Essay on Psychotropic Medicine

Submitted By lauritap09
Words: 1600
Pages: 7

Psychotropic Medicine
Psych 105

Laura Britton
Melanie Gabbert

I chose to write my paper on psychotropic drugs. This topic caught my eye because I thought that it would just be about antidepressants and depression which I find fascinating anyway. However, when I started researching my topic, I was surprised and a little overwhelmed at the fact that there are many kinds of psychotropic drugs and that they are used for a variety of different reasons. Psychotropic drugs, sometimes also called psychoactive drugs, affect the central nervous system and can cause a variety of changes in behavior or perception. Psychotropic medications are prescribed for mental disorders to alter behavior and change mood. Psycho is Greek for the mind, while trop indicates a turning or changing. Psychotropic medication is often used with other treatments such as counseling to help manage the symptoms of mental disorders. Many people think psychotropic drugs are only of the illegal variety, like the psychedelic drugs frequently used in the late 1960s, such as acid, LSD, angel dust, and marijuana. However, even something as relatively benign as caffeine is considered one of many psychotropic drugs. Psychotropic drugs have different uses and are broken into four major groups: hallucinogens, antipsychotics, depressants and stimulants. Types often cross into other categories as they produce more than one type of effect. (Stahl, 2004. P. 3-4)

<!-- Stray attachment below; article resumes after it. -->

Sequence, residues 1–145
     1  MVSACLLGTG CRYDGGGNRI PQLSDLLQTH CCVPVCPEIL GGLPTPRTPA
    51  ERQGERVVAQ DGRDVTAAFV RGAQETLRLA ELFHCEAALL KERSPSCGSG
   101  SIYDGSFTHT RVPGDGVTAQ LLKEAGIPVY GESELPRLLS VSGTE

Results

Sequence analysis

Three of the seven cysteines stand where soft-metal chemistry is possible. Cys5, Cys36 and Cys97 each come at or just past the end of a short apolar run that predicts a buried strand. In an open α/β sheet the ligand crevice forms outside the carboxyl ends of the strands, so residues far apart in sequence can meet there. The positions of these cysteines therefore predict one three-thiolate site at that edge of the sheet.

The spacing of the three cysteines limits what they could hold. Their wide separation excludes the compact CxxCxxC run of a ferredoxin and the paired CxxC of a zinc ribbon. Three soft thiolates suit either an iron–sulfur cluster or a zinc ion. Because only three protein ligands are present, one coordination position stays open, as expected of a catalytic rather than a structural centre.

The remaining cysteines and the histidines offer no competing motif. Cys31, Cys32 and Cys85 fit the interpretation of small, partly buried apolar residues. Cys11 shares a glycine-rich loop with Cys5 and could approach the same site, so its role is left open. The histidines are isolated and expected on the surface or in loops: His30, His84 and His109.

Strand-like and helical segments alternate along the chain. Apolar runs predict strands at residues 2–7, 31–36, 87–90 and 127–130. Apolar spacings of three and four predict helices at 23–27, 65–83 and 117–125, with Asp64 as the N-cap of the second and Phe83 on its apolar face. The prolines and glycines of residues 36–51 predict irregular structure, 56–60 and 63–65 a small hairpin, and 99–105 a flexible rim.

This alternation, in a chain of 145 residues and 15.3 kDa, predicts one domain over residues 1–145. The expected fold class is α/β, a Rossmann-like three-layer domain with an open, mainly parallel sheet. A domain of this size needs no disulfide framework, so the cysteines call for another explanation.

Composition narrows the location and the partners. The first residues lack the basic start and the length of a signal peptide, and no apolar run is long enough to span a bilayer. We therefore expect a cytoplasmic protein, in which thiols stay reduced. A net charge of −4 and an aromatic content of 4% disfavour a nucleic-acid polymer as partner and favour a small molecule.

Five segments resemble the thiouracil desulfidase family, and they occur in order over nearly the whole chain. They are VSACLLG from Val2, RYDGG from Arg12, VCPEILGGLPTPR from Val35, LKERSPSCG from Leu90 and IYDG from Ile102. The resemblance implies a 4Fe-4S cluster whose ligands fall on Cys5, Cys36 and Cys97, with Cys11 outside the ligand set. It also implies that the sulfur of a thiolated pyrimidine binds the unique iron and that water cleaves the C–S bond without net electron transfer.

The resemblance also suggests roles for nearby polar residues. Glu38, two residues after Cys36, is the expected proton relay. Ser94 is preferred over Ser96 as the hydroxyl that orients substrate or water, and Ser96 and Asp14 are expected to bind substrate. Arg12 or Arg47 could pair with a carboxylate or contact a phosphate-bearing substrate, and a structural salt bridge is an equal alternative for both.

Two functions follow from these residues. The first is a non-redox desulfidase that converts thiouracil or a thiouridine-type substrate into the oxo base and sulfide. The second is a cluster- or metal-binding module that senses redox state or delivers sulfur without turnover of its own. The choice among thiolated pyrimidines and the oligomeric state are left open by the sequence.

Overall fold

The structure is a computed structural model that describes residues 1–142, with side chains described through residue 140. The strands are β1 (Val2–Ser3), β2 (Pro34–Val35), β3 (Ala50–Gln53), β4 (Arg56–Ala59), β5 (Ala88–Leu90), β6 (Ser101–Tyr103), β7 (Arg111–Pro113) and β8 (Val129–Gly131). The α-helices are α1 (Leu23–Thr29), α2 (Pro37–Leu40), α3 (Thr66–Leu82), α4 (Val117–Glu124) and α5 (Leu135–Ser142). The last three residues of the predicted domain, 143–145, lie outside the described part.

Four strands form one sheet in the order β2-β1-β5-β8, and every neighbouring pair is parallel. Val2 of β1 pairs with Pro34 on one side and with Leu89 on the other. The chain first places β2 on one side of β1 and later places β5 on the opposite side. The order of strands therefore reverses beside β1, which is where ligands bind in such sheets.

Marijuana, for example is considered a depressant, stimulant and hallucinogen. Marijuana has many applications in medicine and may be helpful to some patients with AIDS or cancer. Since marijuana can control nausea and promote appetite, as well as reduce pain, it can be helpful for those experiencing intense suffering. (Mocrieff, 2006. P.7-8) However, stigma associated with illegal marijuana use by hippies has stalled legalization or limited access to the drug for medicinal purposes for many.
Another of the psychotropic drugs frequently in use is alcohol, a depressant. It can impair mood, causing either elation or depression, and impairs ability to think clearly or make rational decisions. Supporters for legalization of marijuana often point to the oft-used and readily available alcohol that is considered far more toxic, potentially impairing and dangerous, as well as addictive, compared to marijuana.
Other psychotropic drugs effecting mood include antidepressants, antipsychotics, mood stabilizers and tranquilizers. The various effects of these psychotropic drugs are considered vital to the practice of psychiatry. Antidepressants like Prozac and Zoloft may help reduce depression or anxiety. However, they can provoke anxiety as they are of the stimulant type. Tranquilizers, which are of the depressant class, may be more effective for severe anxiety. Mood stabilizers may either be of the stimulant or antipsychotic class and can help people with bipolar conditions. Anti-psychotics are often used to treat schizophrenia. (Theesen, 1995. P. 25-26)
Some psychotropic drugs can foster addiction, with many belonging to either the stimulant or depressant classes. For example, many depressants like morphine are used to alleviate symptoms of pain. Morphine is addictive, and is derived from opium, from which heroin is also derived. Most receiving morphine also note hallucinatory episodes when given high doses of morphine, and long term use of morphine can cause difficulties in withdrawing from the medication. (Murray, 2003.)
Stimulants, which can range from caffeine, to Ritalin, to illegal medications like crystal meth, crank and cocaine, can also be addictive. For example, coffee drinkers may notice extreme headaches if they skip a day of drinking coffee. The headache can be severe but tends to resolve in a day or two. Nicotine is a highly addictive stimulant, though most people believe it has a relaxing effect. Addiction to cocaine is almost assured after consistent use over